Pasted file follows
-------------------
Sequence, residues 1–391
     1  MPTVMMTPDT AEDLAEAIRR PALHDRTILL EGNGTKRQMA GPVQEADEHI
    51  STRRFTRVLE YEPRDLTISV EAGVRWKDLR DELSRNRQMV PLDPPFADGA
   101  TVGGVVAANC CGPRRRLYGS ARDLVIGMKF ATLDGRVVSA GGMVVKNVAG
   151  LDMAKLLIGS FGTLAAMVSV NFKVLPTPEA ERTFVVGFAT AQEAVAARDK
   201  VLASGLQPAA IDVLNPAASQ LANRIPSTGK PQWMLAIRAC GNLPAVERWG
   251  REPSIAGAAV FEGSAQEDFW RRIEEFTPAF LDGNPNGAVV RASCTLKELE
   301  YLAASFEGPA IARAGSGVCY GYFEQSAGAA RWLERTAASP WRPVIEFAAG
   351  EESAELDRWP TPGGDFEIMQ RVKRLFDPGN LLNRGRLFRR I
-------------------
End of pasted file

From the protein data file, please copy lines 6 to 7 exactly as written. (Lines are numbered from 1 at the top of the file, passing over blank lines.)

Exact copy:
   201  VLASGLQPAA IDVLNPAASQ LANRIPSTGK PQWMLAIRAC GNLPAVERWG
   251  REPSIAGAAV FEGSAQEDFW RRIEEFTPAF LDGNPNGAVV RASCTLKELE